Egypt To Help Nigeria Preserve Looted Benin Bronzes
Egyptian government has offered to assist Nigeria in preserving the 1,130 looted Benin bronzes expected from Germany.
The artefacts, with the least weight of 30kg, looted by British troops in 1897, are to be repatriated from Germany to Nigeria this year.
Egypt Minister of Tourism and Antiquities, Khaled El-Anany made the offer in Cairo, Egypt, when the Minister of Information and Culture, Lai Mohammed, visited him.
The meeting was on the sidelines of a bilateral discussion with Africa Export-Import Bank (Afreximbank) on how Nigeria can access funding to support its growing creative industry.
Mr Mohammed had led some private sector stakeholders involved in Digital Switch Over (DSO) to Afreximbank to assist them in sourcing funds to complete the wholly private sector financially driven project.
The Egyptian minister said they were willing to deploy their wealth of experiences in antiquity preservation management to assist Nigeria in preserving the treasure expected from Germany.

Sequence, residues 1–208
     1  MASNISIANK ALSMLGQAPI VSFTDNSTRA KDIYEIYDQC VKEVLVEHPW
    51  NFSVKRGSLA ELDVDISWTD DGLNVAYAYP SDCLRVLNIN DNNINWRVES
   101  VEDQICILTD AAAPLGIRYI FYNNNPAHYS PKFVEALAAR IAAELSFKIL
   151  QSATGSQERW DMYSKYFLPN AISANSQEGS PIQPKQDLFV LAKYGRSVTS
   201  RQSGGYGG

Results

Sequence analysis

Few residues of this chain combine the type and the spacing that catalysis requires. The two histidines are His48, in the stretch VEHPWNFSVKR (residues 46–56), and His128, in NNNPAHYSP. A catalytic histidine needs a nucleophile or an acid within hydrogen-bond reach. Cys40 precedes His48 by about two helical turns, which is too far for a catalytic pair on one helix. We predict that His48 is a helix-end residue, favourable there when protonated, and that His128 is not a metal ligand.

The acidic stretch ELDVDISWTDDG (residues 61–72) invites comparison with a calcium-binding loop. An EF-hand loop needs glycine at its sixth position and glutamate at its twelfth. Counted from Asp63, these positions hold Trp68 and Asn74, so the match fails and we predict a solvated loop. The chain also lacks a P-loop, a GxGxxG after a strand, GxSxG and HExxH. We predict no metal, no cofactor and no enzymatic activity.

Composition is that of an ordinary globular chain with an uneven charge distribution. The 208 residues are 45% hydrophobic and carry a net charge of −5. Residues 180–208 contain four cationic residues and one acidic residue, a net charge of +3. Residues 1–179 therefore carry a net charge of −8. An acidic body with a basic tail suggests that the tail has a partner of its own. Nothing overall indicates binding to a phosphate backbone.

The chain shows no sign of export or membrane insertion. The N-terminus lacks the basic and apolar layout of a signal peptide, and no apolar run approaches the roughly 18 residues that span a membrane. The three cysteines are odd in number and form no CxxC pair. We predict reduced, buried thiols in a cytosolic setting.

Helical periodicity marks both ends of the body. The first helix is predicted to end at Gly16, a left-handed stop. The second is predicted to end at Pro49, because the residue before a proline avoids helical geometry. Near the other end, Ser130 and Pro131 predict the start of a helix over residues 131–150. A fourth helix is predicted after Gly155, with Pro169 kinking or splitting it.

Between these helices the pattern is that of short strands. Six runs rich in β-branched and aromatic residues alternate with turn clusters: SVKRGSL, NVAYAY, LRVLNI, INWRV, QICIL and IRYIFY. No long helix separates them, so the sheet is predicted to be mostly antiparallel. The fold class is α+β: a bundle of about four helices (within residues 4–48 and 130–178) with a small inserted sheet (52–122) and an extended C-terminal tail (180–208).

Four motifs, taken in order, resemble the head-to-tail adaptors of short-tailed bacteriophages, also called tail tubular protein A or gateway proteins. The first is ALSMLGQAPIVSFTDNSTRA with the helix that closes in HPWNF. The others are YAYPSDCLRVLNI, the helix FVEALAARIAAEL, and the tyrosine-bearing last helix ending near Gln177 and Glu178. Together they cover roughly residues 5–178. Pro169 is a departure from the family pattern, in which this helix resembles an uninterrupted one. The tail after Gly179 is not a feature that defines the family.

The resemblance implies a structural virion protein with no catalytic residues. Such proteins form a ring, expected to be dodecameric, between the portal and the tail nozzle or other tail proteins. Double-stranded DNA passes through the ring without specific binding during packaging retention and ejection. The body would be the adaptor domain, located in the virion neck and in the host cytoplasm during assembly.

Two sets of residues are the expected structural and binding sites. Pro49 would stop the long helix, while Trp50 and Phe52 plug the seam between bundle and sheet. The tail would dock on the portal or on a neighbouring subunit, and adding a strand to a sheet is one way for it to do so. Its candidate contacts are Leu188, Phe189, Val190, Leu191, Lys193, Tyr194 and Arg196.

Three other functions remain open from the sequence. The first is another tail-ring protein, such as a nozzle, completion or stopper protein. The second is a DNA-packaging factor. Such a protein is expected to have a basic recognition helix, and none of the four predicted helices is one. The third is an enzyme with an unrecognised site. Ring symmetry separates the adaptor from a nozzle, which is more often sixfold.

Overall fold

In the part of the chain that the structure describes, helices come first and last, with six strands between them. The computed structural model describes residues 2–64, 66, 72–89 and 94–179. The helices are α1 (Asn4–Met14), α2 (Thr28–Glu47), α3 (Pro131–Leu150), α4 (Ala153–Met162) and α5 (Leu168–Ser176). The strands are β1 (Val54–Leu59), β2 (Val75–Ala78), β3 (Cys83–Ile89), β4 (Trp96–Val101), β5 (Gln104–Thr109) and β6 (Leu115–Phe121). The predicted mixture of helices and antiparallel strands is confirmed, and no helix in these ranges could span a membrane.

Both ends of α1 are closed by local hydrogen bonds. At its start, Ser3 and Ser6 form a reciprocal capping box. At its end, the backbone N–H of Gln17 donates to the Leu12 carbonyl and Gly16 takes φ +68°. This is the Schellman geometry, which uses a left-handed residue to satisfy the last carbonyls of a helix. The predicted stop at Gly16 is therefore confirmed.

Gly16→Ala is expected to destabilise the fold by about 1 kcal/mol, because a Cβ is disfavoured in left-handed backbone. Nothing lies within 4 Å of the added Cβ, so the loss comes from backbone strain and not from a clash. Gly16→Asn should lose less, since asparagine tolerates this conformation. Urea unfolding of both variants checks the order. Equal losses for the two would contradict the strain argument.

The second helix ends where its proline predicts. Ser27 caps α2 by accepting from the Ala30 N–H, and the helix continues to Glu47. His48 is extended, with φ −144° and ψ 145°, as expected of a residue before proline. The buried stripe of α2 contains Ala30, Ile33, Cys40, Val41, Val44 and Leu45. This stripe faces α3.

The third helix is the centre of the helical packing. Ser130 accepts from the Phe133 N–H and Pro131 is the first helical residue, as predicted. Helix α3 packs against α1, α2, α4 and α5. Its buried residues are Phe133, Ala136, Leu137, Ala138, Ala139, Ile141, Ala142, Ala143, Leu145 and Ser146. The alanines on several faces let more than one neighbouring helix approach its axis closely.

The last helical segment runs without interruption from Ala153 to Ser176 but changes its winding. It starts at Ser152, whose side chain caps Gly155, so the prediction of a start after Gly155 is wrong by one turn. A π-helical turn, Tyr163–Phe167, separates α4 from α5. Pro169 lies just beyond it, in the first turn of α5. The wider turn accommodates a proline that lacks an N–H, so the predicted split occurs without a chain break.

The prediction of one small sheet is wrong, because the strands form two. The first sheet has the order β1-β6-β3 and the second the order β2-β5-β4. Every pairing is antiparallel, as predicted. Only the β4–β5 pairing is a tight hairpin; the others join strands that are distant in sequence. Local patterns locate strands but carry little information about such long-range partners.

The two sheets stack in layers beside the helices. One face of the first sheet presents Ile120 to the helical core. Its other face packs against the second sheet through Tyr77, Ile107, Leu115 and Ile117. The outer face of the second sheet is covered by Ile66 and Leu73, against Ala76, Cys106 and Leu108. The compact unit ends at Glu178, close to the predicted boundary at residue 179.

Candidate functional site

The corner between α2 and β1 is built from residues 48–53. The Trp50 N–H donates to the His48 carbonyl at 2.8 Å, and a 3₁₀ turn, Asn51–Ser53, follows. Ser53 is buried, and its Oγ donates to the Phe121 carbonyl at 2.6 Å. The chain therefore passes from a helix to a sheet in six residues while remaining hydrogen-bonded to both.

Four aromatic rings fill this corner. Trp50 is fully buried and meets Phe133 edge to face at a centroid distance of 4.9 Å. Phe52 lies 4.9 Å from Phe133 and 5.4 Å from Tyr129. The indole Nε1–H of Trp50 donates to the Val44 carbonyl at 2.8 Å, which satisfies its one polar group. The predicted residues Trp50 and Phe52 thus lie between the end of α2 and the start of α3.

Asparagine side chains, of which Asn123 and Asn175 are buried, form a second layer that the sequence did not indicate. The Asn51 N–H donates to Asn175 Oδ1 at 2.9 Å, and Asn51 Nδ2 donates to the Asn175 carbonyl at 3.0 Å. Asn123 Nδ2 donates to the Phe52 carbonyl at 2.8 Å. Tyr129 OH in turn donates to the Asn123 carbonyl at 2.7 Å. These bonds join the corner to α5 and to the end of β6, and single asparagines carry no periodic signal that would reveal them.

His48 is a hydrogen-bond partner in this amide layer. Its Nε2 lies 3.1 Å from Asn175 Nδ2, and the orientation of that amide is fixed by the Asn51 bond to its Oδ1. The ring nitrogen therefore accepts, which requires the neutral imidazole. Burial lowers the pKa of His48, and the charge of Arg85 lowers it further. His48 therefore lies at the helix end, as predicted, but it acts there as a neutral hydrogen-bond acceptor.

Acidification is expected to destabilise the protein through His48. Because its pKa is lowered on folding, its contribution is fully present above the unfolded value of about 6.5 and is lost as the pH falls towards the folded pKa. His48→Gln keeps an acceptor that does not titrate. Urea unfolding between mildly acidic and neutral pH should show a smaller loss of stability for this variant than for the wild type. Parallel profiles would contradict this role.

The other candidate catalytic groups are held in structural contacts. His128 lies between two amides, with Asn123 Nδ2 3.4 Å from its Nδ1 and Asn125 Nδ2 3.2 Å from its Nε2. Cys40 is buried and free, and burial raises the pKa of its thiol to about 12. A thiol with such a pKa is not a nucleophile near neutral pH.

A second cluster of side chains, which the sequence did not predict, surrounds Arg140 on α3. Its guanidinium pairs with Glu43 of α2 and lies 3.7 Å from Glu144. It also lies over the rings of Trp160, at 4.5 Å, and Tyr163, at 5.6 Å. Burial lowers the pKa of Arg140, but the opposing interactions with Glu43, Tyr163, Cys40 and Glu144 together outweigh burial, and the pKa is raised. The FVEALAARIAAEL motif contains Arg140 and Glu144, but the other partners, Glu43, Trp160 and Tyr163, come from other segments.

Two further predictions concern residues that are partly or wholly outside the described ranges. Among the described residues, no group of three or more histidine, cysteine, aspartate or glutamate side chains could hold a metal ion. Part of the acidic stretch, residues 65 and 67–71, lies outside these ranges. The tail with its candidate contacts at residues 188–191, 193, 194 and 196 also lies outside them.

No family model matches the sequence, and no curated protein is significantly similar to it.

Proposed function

Mr El-Anany disclosed that tourism contributed not less than 30 per cent to Egypt’s GDP, and the Department of Antiquity alone under his ministry employs 32,000 personnel to manage their museums and monuments and archaeological sites.
According to him, Egypt has more than 2,000 tourist sites, and 60 per cent of the tourists visit historical sites, museums and operas.
The minister also offered to help Nigeria in capacity building, museum management and tourism statistics.
He said Egypt suffered a similar fate, and they had successfully repatriated a lot of their antiquities stolen and transported outside the country’s shores.
The minister urged Mr Mohammed to work with the Nigerian Ambassador to Egypt, Malam Nura Rimi and some key staff members to develop the framework to actualise the offer for assistance.
He extended an invitation to Mr Mohammed to attend the African conference on antiquities and tourism, organised in June in Cairo.
Mr Mohammed, who said he was at the ministry to compare notes, acknowledged that Egypt was one of few countries with the world’s richest and oldest historical and religious sites.
He said Nigeria was willing and ready to learn from the rich experiences of Egypt in tourism development and management.